At present, Snyk Open Source and Snyk Container scanners are unable to differentiate between internal and external packages, meaning that they cannot determine if a package has been imported from a public or a private registry. This capability will be added in the future. Meanwhile, you might see inaccurate alerts related to packages imported from a private registry.

A Snyk alert is a warning that an attack has targeted the organization, not an implication that the organization published the malware.

Several ecosystems have started implementing support for verifying attestations. The public npm registry, for instance, provides support for package provenance. The more that maintainers adopt this feature and publish packages with provenance details, the more secure and better the ways to validate package provenance become. Snyk highly recommends you start planning readiness for this in your open-source package consumption strategies.

An internal package may be flagged as malicious. If this happens, it means that a package with a similar name was published on a public registry, most likely with malicious code. This publication was intended to make developers in your company import the malicious public package, either by automatic or manual processes, instead of importing the legitimate private package.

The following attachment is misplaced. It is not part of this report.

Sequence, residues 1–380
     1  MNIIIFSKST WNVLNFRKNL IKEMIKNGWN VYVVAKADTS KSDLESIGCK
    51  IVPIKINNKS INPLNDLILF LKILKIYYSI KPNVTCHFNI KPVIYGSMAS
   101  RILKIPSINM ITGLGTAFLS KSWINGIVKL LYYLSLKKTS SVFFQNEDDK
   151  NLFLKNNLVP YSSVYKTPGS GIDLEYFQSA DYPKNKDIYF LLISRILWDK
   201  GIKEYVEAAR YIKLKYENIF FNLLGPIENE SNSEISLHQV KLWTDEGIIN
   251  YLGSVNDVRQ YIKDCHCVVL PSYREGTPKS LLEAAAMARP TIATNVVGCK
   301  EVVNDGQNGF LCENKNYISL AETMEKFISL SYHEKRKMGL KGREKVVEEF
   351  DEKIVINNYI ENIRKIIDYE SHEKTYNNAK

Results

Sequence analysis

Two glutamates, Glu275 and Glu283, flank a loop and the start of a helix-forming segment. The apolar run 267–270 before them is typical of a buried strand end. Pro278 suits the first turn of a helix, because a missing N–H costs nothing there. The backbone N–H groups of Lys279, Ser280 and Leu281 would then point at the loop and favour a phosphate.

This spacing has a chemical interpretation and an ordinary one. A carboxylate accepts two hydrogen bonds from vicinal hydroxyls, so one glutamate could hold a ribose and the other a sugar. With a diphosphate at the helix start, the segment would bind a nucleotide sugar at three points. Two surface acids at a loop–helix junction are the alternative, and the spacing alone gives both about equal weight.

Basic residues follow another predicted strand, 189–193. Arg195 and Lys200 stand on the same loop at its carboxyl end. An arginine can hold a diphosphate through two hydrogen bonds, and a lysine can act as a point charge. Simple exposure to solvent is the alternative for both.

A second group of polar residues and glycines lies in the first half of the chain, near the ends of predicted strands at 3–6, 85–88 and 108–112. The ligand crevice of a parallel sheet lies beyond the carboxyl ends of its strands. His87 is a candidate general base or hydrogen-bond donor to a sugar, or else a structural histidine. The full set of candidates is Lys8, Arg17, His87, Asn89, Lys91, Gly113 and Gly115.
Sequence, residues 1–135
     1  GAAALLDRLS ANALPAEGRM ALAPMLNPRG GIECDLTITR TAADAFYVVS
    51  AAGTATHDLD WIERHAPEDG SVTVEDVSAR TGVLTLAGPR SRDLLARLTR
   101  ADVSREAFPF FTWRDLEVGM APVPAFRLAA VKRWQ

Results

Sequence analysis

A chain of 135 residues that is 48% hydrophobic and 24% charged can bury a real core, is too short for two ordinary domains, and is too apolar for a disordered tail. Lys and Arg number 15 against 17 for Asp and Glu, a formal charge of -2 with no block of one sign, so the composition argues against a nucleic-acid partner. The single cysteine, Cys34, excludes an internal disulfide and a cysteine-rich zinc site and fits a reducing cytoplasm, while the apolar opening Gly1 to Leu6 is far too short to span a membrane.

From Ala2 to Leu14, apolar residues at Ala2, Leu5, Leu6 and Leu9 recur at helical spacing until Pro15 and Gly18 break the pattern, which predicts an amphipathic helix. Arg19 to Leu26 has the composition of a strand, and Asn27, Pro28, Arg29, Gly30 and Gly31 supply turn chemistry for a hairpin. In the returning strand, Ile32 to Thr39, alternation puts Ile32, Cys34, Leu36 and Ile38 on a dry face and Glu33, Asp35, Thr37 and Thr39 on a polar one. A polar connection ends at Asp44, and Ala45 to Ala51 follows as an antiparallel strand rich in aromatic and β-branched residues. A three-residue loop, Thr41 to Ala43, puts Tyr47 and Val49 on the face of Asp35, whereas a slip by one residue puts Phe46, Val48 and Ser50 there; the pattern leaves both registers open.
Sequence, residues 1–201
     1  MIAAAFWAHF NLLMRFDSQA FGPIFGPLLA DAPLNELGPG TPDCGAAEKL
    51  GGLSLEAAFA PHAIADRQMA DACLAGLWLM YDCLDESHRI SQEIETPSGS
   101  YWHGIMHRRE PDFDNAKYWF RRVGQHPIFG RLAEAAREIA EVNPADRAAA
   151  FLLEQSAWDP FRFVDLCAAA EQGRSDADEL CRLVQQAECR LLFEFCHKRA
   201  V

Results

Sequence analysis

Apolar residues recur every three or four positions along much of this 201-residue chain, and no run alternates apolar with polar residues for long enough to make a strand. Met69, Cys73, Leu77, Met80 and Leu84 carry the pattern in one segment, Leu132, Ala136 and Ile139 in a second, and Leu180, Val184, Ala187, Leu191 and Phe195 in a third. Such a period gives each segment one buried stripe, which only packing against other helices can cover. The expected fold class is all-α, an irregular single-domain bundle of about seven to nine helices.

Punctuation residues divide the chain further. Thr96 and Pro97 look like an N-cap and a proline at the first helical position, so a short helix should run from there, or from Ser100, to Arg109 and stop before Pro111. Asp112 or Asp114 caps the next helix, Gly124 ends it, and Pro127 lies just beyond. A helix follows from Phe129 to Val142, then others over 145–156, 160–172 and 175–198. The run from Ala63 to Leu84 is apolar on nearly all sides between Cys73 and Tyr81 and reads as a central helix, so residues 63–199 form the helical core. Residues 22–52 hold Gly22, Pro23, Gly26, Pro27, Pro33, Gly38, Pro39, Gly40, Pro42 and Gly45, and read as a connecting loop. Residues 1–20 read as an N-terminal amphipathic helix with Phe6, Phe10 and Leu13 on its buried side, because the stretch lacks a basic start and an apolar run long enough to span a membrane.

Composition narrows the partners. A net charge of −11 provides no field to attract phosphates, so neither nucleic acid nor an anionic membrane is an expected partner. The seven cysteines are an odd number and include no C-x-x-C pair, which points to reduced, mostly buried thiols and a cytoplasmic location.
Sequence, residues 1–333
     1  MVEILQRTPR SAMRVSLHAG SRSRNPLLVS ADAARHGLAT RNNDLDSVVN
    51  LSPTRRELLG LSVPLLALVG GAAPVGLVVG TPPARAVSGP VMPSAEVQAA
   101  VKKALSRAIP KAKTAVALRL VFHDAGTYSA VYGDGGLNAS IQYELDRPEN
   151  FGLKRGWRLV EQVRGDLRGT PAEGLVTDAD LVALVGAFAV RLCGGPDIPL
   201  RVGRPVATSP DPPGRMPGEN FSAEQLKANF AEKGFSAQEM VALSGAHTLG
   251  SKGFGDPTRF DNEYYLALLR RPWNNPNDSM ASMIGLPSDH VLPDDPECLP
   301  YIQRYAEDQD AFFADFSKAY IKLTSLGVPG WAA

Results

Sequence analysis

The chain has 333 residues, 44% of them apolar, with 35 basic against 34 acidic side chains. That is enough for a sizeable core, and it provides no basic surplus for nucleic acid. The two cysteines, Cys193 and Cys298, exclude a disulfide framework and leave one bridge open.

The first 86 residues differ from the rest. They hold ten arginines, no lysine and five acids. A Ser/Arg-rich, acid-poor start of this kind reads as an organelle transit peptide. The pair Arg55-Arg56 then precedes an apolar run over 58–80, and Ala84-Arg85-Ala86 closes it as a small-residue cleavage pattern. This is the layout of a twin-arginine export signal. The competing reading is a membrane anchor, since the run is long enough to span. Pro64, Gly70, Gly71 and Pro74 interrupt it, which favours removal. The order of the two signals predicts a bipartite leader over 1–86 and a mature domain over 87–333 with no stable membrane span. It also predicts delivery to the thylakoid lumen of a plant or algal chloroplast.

Avoid malicious packages by always verifying the npm registry source.

Understanding malicious packages in npm

Due to the popularity of JavaScript and npm, most malicious packages target this ecosystem.

The following nuances are important to understand:

“Security holding” in npm

A “security holding” on a package means that the package contained malicious code and was removed from the registry by the npm Security Team. A security placeholder was published to ensure users are not affected in the future. Although the package is currently under a “security holding” placeholder, it is important to verify that it was not imported from npm before it was marked in this placeholder. After you confirm that all instances of this package were downloaded from a private registry, you can ignore the issue.

The Snyk Vulnerability Database also shows packages in a “Security Holding” state, for example, the flatmap-stream package.

Malicious package is not available on npm and without “security holding”

The package was available publicly in npm, possibly only briefly, before being removed, unpublished, by the owner. Under certain conditions, this can result in the package page being unavailable, though it is possible to see that it was once in use. The name is still available to be used again, with no guarantee that its contents in the new incarnation will be safe.